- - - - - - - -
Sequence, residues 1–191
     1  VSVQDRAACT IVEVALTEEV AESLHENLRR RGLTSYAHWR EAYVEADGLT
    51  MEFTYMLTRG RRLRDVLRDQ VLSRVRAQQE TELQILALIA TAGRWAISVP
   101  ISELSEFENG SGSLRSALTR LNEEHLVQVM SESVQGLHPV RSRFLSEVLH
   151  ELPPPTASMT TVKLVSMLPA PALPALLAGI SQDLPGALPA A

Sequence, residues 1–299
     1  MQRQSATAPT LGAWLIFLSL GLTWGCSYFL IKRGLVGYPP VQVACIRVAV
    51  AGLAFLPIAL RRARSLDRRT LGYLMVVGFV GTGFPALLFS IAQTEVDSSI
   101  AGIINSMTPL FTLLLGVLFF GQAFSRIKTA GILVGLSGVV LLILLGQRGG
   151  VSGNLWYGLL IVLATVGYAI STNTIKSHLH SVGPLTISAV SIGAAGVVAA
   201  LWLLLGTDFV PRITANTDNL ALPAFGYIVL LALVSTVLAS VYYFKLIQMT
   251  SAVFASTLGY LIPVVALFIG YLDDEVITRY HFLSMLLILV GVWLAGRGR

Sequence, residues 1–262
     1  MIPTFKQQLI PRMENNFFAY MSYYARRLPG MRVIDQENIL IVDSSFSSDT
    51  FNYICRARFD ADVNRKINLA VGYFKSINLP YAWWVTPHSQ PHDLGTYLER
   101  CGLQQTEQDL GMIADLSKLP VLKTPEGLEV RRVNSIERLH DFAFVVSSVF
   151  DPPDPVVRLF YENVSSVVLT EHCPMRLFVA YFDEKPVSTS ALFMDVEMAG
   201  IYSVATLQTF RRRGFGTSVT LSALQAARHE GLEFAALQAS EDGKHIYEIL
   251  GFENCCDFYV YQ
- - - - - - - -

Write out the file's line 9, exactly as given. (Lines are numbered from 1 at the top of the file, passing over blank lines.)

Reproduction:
   101  AGIINSMTPL FTLLLGVLFF GQAFSRIKTA GILVGLSGVV LLILLGQRGG